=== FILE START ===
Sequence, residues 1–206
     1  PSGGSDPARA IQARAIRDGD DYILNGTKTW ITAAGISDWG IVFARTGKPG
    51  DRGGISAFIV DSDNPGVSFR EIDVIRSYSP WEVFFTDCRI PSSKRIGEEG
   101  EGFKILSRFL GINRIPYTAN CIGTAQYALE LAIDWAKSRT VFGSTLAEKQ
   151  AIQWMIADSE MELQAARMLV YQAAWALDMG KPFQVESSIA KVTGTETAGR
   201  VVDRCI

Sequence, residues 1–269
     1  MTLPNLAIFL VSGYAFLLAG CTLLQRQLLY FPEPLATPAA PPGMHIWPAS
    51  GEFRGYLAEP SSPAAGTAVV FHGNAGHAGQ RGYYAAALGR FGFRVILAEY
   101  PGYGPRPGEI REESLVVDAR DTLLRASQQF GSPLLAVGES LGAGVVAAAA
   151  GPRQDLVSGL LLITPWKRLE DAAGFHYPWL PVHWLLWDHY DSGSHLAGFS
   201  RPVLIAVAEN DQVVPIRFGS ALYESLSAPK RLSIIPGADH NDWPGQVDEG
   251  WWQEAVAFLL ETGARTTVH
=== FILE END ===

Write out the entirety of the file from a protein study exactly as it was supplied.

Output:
Sequence, residues 1–206
     1  PSGGSDPARA IQARAIRDGD DYILNGTKTW ITAAGISDWG IVFARTGKPG
    51  DRGGISAFIV DSDNPGVSFR EIDVIRSYSP WEVFFTDCRI PSSKRIGEEG
   101  EGFKILSRFL GINRIPYTAN CIGTAQYALE LAIDWAKSRT VFGSTLAEKQ
   151  AIQWMIADSE MELQAARMLV YQAAWALDMG KPFQVESSIA KVTGTETAGR
   201  VVDRCI

Sequence, residues 1–269
     1  MTLPNLAIFL VSGYAFLLAG CTLLQRQLLY FPEPLATPAA PPGMHIWPAS
    51  GEFRGYLAEP SSPAAGTAVV FHGNAGHAGQ RGYYAAALGR FGFRVILAEY
   101  PGYGPRPGEI REESLVVDAR DTLLRASQQF GSPLLAVGES LGAGVVAAAA
   151  GPRQDLVSGL LLITPWKRLE DAAGFHYPWL PVHWLLWDHY DSGSHLAGFS
   201  RPVLIAVAEN DQVVPIRFGS ALYESLSAPK RLSIIPGADH NDWPGQVDEG
   251  WWQEAVAFLL ETGARTTVH